Even though there is an opportunity for public comment to the rezoning proposals, and they eventually are voted on by the City Council, many communities see City Council Speaker Gifford Miller as being too reactive to the Bloomberg administration’s proposals, sitting on the fence until pressured to respond.
For example, Speaker Miller waited and waited to take a clear position on the Sports and Convention Center, then inexplicably separated negotiations over the Hudson Yards rezoning and development from the Bloomberg administration’s proposal to develop the Hudson rail yards, where the administration was proposing the New York Sports and Convention Center.
The Bloomberg administration hopes to develop the Sports and Convention Center into a magnet that will attract economic development, the Jets, the Super Bowl, the 2012 Olympics, residential and commercial development, and more conventions to New York City.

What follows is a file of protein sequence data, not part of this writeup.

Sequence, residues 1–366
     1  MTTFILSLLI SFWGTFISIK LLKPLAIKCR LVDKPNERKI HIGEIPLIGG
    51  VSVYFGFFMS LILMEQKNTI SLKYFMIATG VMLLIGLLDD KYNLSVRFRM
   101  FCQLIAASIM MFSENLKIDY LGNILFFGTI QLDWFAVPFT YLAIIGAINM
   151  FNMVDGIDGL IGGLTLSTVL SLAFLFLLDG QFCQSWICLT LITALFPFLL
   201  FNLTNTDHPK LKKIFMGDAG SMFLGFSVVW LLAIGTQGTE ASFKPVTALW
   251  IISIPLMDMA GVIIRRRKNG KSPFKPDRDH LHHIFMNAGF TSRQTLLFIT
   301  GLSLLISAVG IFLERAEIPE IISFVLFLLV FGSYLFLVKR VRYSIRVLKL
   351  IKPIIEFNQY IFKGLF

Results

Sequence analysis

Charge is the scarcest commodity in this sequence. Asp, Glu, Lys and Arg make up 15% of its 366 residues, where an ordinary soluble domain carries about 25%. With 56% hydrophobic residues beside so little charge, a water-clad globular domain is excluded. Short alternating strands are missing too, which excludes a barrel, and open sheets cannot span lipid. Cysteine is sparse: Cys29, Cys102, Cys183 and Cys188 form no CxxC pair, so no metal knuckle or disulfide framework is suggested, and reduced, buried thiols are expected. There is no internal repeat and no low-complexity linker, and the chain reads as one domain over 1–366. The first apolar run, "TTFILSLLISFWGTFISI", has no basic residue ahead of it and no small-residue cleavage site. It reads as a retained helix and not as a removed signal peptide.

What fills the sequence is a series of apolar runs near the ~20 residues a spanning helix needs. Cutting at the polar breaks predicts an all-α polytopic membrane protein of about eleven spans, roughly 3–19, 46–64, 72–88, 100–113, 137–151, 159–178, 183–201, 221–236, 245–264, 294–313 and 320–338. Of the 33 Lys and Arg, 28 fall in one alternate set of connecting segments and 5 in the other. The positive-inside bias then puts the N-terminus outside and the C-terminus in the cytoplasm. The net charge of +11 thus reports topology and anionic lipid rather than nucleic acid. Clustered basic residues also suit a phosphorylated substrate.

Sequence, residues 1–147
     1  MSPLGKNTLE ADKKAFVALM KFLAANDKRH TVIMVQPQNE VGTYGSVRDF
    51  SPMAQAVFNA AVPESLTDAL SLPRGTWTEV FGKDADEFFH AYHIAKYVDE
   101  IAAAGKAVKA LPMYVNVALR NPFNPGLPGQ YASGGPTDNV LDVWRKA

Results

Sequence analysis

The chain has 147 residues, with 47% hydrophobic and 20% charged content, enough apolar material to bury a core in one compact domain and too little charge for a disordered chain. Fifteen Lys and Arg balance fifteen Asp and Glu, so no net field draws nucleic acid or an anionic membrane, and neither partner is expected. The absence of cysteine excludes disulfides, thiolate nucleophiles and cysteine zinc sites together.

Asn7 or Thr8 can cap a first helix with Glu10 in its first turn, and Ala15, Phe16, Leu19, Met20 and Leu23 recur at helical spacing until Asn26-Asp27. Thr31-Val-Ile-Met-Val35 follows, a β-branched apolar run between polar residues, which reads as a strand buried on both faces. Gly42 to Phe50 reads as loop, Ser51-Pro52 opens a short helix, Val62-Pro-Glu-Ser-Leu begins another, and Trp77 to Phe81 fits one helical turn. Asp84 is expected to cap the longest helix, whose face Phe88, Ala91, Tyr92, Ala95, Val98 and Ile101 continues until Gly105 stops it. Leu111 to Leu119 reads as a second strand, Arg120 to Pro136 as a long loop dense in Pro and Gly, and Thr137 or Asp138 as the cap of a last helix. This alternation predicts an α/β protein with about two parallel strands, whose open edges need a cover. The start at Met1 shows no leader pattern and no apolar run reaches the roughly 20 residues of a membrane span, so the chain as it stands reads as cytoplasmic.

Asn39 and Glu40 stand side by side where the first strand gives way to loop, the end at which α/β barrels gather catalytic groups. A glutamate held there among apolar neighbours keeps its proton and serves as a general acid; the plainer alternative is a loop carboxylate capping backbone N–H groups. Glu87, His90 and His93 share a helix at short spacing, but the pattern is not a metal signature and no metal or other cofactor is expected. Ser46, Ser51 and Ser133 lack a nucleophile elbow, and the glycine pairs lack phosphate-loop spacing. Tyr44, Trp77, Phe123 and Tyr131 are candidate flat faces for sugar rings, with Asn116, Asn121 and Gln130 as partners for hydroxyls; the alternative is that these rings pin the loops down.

Mr. Miller, who is a mayoral candidate, appears to be fighting the Bloomberg administration’s economic vision with last-minute objections such as his testimony before the MTA that its rail yards were being sold for too low a price to the Jets. Mr. Miller has also argued that part of the Bloomberg administration’s financing proposal for the stadium, a funding mechanism known as Payments in Lieu of Taxes (PILOTs), are an overreaching and an improper use of mayoral power. Yet these PILOTs were part of the Bloomberg administration’s original Hudson Yards rezoning proposal. The funding mechanism, in fact, has been in place throughout Mr. Miller’s tenure in the City Council, which began in 1996.
On the flip side, even though the real estate market is extremely robust, the Bloomberg administration maintains that the Sports and Convention Center is necessary for the economic development of the far West Side of Manhattan – just a few blocks from some of the nation’s – even the world’s – most valuable real estate.
Meanwhile, communities are caught in the middle of the struggle between both sides of City Hall, as Mayor Bloomberg and Speaker Miller fight institutional, but increasingly, a narrower political battle over who will be mayor.